Tyresö Konsthall, 27.05 – 27.08. 2023
Öppetider från 19 juni t-o-m 20 augusti; mån – tor 9 – 19, fre 9 – 18Utställnigsidén är baserad på den keyanska miljöaktivisten Patricia Kombos intervju i DN 2023 och hennes berättelse om vita fjärilar, vars ankomst förknippades med regn och rekordskördar för hennes familjegård. När fjärilarna försvann förvandlades deras jordbruksmark till en torr ödesmark.
There seems to be a gap between our experience of nature and the concept of nature. Tainted by the cultural and scientific knowledge that has been taught to us, can we really have an objective experience of nature? Doesn’t it become a mirror in which our way of conceiving the outside world is reflected?
When we think of the concept of nature, another notion is directly opposed to it, that of culture. Yet ancient philosophy saw no opposition between nature and culture. Nature was for them an entity including all that is living.
Last year I came across an article in a Swedish newspaper DN about environmental activist Patricia Kombo and the story of her family as farmers in Kenya. Whenever the “white butterflies” appeared, Patricia’s grandmother knew it was a sign of rain and that their crops would be abundant. But in recent years the butterflies have ceased to appear, as the rain has become progressively rare. Victims of increasingly long periods of drought, their fertile land soon turned into a barren desert.
When did we stop to listen to the signs?
The theses of mathematician and philosopher René Descartes turned the uncontrollable into the predictable at a time when the phenomena of nature were considered “unheimlich”, the domain of the unknown, the frightening.
The Swedish naturalist and botanist Carl von Linné devoted his life to finding a system to name most plants, minerals, and animals, then categorize them according to their rank. Its nomenclature became standard in the 19th century. Linnaeus considered nature a bit like a living machine and had also given himself another task. He wanted to use his knowledge to develop new agricultural methods to increase productivity and give economic value to natural resources. He added two new categories to his classification: “utility” and “pests”.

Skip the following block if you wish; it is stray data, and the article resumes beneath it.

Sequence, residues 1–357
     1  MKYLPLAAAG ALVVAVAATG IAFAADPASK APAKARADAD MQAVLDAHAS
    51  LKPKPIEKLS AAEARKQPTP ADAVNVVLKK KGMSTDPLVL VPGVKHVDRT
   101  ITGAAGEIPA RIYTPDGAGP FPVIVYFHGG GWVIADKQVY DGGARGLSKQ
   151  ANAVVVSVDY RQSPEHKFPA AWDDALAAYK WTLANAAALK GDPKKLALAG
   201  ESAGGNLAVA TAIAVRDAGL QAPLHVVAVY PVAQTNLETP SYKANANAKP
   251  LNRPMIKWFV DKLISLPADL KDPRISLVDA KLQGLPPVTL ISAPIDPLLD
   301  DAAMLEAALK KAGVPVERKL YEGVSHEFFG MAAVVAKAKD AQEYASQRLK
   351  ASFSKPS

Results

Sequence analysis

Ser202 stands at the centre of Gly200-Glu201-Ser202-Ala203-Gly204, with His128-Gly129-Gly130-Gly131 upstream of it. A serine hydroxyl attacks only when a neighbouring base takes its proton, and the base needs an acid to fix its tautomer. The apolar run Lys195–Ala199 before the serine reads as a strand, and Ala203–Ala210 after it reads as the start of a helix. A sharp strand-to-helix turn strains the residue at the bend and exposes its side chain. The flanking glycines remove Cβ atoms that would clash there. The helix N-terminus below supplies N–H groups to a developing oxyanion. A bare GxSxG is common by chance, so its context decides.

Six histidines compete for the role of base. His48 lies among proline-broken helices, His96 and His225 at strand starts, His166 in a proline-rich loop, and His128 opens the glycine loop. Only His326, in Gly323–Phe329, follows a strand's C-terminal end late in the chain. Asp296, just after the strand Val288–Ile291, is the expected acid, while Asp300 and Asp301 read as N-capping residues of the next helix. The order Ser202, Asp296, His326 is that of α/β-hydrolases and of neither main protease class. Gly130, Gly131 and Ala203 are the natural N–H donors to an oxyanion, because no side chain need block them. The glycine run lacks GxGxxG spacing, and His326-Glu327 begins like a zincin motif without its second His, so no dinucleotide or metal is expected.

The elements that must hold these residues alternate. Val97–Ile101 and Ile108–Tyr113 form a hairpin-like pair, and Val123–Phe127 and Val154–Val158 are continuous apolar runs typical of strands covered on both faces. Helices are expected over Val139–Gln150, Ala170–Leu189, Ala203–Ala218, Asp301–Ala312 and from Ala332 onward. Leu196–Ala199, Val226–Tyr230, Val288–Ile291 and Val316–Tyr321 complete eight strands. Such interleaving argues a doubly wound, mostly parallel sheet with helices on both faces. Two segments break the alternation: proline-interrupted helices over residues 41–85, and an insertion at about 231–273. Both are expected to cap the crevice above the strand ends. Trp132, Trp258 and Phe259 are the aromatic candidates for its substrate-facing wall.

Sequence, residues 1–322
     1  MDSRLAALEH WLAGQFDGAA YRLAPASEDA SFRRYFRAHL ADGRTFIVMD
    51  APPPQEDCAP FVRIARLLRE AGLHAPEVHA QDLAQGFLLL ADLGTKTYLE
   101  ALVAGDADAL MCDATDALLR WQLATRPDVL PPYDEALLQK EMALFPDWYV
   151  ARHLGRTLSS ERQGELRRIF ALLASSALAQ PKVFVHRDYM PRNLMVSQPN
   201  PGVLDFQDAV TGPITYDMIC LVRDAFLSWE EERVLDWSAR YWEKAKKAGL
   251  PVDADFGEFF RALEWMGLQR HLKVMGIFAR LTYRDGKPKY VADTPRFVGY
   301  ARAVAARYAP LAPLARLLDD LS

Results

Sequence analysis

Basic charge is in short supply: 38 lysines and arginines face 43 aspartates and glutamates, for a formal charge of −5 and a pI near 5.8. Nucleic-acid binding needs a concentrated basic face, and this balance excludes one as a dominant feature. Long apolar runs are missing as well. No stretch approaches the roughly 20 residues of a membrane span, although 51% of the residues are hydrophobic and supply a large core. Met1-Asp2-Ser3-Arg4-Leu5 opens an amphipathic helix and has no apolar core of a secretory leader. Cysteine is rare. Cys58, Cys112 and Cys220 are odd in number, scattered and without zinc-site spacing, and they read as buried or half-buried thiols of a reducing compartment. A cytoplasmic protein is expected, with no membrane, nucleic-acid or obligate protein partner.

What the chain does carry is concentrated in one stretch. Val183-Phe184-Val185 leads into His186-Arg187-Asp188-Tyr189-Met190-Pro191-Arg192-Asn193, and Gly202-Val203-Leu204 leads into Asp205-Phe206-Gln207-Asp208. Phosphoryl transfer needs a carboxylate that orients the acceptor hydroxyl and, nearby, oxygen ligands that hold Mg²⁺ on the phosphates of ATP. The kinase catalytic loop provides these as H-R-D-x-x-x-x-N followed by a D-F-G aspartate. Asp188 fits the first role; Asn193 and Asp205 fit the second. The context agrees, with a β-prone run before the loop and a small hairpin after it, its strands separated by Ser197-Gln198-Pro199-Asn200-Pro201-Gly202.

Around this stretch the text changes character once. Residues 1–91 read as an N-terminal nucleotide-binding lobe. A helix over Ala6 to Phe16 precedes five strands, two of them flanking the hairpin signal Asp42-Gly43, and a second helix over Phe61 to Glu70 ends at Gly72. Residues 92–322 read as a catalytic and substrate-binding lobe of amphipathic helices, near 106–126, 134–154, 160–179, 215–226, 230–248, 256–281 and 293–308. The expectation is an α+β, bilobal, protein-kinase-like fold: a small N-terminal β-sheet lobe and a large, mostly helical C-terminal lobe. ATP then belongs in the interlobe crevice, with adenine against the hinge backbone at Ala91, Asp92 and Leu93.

Carl Von Linné’s methods are at the origin of the first great agricultural revolution which took place in the middle of the 18th century, in Sweden and soon spread throughout Europe. The landscape was divided into identical quadratic-shaped fields with the main purpose of increasing the productivity of agricultural crops.
Linné’s primary intention was undoubtedly to bequeath to humanity a system to eradicate hunger but misinterpreted and made nature a capitalist resource, these methods evolved over time to create increasingly intensified monocultures, bringing us to the threshold of the ecological disaster that we face today.
While visiting the exhibition of prehistoric art at the Musée de l’Homme during my residency in Paris,, I remain fascinated by the magnificent prehistoric sculptures meticulously chiseled in the remains of animal bones.
I find it hard to believe that the activities of homo sapiens could have created such a disorder in ecosystems and changed the composition of the atmosphere accelerating global warming.
I hold my breath in fron ot the digital images of the painted sceneries on the walls of rocks and caves, a multitude of animals that seem to have come out of an imaginary world, a hind of lost Eden where man and nature were still one.